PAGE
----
One must be judicious in choosing how closely to follow the Iraq war. Every day there are many new analyses, updates, pictures, developments – many of them depressing. Every few weeks there will be recaps and an in-depth look at the state of Iraq at various milestones. Today the NYT Book Review section has a few articles which is my way of staying up-to-date: carefully read the periodic analyses and try to stay above the day-to-day minutia.
‘The Right War?’ and ‘A Matter of Principle’: Everybody Is a Realist Now is the best of the bunch. It fairly reviews a couple books that present the neoconservative view. It is important for anti-war activists to understand that people who still support the war do so because they believe the vision of spreading democracy is noble and liberating a people from a tyrant is morally necessary. Note how WMD was not mentioned here.
The national discussion should center on the issues raised in this article: Is spreading democracy in countries that have never had it before a mere pipe dream? Is there a moral imperative for the U.S. to act that should override any other metric, or is there some threshold of loss-of-life or money that makes war a bad idea? In the neoconservative vision, are we in Iraq for THEIR good (humanitarian reasons) or for OUR good? Which is more just?
Unfortunately, we seemed mired in Cindy Sheehan’s silly antics and the extreme left remaining absolutist in George W. Bush’s evilness.
2 comments on “The Right War? Everybody is a Realist Now”
It was “silly” antics like Cindy Sheehan’s that lead to the unmasking of the folly of our being in Vietnam. These actions saved more lives-both American and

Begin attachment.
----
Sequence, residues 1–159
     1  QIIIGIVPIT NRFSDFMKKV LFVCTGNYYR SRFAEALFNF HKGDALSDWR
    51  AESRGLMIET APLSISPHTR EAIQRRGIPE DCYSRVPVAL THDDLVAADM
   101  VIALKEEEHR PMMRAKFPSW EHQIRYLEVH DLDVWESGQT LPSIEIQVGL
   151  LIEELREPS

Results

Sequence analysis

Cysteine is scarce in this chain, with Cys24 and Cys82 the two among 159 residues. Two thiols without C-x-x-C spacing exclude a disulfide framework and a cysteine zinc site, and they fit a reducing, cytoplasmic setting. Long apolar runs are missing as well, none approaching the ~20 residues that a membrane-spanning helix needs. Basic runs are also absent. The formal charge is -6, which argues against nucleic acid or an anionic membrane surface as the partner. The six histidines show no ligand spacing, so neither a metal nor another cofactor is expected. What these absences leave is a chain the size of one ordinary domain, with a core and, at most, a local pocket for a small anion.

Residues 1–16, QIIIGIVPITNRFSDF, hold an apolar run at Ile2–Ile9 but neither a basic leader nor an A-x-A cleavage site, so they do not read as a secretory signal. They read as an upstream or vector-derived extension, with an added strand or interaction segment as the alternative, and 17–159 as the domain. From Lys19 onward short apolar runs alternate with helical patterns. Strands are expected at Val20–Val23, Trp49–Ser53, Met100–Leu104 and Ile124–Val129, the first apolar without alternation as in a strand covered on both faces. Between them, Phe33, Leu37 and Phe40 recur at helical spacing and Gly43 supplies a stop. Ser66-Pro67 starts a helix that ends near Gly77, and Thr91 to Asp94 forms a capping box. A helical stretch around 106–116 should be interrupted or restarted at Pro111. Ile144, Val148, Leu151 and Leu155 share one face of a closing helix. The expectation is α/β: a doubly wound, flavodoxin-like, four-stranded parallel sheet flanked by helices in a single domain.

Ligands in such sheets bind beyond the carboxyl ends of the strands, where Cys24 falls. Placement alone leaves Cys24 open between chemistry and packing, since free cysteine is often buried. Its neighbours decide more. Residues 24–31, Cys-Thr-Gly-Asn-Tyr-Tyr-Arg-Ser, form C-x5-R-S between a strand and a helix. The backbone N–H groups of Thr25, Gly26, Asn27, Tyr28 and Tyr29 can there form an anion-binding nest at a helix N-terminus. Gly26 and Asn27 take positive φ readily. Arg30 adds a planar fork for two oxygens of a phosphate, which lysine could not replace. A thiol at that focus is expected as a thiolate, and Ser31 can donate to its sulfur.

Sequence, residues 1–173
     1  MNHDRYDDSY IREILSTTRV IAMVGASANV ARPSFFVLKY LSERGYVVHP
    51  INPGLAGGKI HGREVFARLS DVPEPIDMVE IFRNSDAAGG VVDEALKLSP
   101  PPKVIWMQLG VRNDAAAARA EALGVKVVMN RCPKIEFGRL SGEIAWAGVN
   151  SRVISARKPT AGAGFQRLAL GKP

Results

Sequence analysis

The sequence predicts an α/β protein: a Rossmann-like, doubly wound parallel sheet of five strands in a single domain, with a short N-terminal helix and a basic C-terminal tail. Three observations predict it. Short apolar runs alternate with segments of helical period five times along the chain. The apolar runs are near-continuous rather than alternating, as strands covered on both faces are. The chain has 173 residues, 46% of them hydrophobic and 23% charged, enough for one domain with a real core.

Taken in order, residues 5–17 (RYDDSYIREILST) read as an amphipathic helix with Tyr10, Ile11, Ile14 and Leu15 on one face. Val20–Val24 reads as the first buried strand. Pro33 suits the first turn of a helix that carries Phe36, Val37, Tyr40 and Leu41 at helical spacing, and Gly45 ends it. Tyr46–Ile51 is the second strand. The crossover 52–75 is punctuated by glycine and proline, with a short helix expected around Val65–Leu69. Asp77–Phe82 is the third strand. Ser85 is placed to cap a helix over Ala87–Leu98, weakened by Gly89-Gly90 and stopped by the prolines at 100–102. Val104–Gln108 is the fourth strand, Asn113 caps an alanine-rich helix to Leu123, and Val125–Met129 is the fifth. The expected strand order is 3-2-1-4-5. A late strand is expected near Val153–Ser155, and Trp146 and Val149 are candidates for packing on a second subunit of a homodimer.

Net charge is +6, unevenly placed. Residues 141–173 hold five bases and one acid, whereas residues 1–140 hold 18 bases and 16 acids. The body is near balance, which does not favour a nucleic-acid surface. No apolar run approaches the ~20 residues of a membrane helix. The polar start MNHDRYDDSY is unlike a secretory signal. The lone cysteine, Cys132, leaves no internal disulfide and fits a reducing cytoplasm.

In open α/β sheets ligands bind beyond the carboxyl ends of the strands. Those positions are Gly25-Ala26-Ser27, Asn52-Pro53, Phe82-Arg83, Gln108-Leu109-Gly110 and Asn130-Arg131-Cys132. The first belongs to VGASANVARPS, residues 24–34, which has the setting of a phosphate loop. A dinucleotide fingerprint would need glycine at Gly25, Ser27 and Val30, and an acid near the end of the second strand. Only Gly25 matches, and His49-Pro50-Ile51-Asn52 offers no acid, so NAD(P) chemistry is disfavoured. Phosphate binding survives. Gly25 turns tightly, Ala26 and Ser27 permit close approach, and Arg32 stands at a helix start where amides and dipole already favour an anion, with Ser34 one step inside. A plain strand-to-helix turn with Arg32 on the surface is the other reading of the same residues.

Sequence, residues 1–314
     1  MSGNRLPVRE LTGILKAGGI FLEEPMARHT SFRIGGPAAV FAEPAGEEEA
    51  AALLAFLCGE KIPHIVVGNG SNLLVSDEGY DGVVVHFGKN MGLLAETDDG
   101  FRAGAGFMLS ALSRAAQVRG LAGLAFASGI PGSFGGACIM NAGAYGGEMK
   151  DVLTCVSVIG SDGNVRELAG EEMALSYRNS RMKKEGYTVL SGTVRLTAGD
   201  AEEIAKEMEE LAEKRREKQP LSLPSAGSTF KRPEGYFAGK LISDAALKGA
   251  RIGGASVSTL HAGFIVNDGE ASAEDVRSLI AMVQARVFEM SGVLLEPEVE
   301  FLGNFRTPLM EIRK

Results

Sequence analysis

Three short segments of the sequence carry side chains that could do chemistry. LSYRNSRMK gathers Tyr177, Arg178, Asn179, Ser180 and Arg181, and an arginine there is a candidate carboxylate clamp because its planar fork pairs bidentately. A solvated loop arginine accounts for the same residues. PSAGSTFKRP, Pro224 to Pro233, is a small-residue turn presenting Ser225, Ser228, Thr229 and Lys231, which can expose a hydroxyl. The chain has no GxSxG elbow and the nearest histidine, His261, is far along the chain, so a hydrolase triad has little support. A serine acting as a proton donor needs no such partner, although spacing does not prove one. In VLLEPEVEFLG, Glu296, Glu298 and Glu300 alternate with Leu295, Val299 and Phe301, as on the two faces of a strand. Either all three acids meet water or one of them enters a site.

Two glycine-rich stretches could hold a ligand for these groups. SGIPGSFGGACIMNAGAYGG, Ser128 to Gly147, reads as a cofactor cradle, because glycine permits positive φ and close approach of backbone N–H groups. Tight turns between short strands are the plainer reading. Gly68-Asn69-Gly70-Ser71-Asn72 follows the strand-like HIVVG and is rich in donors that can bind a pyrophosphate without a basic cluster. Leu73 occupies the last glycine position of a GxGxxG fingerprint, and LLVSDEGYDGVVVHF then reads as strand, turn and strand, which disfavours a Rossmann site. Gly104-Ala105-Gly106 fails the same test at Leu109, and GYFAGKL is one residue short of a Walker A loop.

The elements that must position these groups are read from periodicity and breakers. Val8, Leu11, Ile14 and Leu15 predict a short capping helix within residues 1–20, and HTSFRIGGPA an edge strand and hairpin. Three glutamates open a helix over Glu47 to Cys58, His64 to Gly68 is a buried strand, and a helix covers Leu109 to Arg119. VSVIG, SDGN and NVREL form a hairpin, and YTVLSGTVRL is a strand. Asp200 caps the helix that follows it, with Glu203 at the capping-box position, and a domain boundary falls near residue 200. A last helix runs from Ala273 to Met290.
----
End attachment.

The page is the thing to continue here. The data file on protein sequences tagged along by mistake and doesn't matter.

Vietnamese–than if there had not been mass protests against the Vietnam war.
Personally, I think we are in Iraq because George Bush wants to be there for some reason he does not want to be open about, and spreading democracy is just the latest justification.
If the neoconservatives believe this is a just and valid endeaver , why aren’t their children enlisting in the military and/or college ROTC to support the spread of democracy.
Terry – thanks for the comment. Always great to hear from you and I hope you are doing well. Let’s catch up soon!
I believe Cindy Sheehan’s approach is the wrong one. I think people should be able to protest and make their views heard. For one grieving mother, among 2,000, to hoard all the attention for her seems wrong. For one greiving mother to demand time with the President even though her viewpoint is just one of many viewpoints greiving mothers hold seem wrong. Moreover, I disagree with her strategic position that we should pull our troops out now. Leaving until the job is finished would have disastrous consequences on the fledgling Iraqi government.
Finally, as for the kids of neoconservative supporters of the war, why should the kids enroll in the army simply because their parents are supportive? Let the kids make their own choices and the justness.